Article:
Small Plane Crash Highlights Bigger Problem

Small Plane Crash Highlights Bigger Problem

Posted By The Maher Law Firm || 31-Mar-2014

Aviation Accident Orlando

Recently, a small engine plane went down in Safety Harbor, killing the pilot and seriously injuring his daughter and teenage friend. While the cause of the accident is still under investigation, experts say more privately owned planes in the air means more small plane crashes, despite the majority of them being wholly preventable.

According to the Tampa Bay Times, this latest plane crash happened when Jeffrey Bronken decided to take his daughter and her best friend, both 15, to Florida for some sun and a break from the Chicago-area winter. They had made the trip before, but this would be their last together.

At about 4 a.m. on a Saturday morning, the plane went down. People living in the residential area said the power went out and a huge noise filled the neighborhood. The plane had hit powerlines as it came down, landing on its nose with its tail pointing into the sky.

Bronken died on impact. The two teens were rushed to St. Joseph's Hospital in Tampa in serious condition.

Small engine plane crashes largely preventable

In a 2013 ABC News report, then-NTSB chief Deborah Hersman said that 97 percent of all plane crashes happen in general aviation, not commercial flights. She said that while domestic commercial airlines are safer than ever, small engine plane crashes occur on average around five times each day, accounting for some 500 deaths nationwide each year.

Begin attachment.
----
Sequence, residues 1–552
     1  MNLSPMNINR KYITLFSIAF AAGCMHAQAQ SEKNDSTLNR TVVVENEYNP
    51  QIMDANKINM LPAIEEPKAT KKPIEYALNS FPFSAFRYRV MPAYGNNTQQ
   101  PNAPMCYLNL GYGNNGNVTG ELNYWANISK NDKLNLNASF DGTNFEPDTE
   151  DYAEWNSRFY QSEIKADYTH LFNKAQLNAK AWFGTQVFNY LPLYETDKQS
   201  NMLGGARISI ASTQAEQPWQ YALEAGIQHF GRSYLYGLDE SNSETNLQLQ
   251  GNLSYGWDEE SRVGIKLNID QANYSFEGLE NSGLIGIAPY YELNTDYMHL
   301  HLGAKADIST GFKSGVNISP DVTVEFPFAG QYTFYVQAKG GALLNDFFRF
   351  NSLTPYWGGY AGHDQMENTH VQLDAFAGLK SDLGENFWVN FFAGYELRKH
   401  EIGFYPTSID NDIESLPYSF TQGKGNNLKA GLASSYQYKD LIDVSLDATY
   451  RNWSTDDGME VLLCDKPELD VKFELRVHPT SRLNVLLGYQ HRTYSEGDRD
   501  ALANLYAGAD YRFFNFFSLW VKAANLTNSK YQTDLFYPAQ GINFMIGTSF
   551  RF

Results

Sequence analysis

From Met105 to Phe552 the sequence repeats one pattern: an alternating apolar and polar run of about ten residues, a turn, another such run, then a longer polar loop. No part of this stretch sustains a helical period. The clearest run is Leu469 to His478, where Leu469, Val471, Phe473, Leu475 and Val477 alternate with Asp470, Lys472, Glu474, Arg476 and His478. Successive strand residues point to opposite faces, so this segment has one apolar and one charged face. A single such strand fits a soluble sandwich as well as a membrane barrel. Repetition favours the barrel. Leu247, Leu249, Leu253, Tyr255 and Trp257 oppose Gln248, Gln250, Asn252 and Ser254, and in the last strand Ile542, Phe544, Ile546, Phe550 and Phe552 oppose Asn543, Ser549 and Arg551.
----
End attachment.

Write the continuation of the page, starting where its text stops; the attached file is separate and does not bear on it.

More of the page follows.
Rich Stowell, a pilot and flight instructor known as the "Spin Doctor" for his ability to come out of a nose dive, says that the pilots on small planes typically aren't trained how to recover from an emergency. They aren't given the basic lessons on how to overcome their anxiety and perform when the pressure is on.

Stowell's method of instruction includes putting these pilots through the wringer, teaching them to come out of dives, spins, and rolls caused by high winds and turbulence.

Fuel issues may have triggered Florida crash

The Federal Aviation Administration says Bronken radioed air traffic controllers that he was having fuel problems. He may have been trying to land in the street when the crash occurred. The plane clipped a 2-inch thick power line as it came in, possibly sending it straight into the ground.

Both the FAA and the National Transportation Safety Board (NTSB) are involved in the investigation.

Reports say Bronken's daughter's social media accounts have been filled with photos of her and her father with the plane over the past few years.

Pilots' "inattention to basics" blamed in many crashes

Crashes in private-pilot flights have risen 20 percent since 2000, coinciding with an 85 percent drop in commercial airline accidents. According to this Bloomberg report, some aviation experts say pilot inattention to basic flight safety protocols is often to blame. Overloading planes, failing to check weather in advance, or making simple in-flight piloting errors can prove fatal.

The solution isn't clear. Regulations already exist and Tony Fazio of the FAA's Office of Accident Investigation and Prevention says he believes the regulations are adequate and that pilots can't "crash an airplane" without breaking at least one of these regulations.

Instead, he surmises, better adherence to private-pilot practical test standards is needed. In other words, pilots simply need to be more vigilant and careful.

Categories: Aviation Accidents
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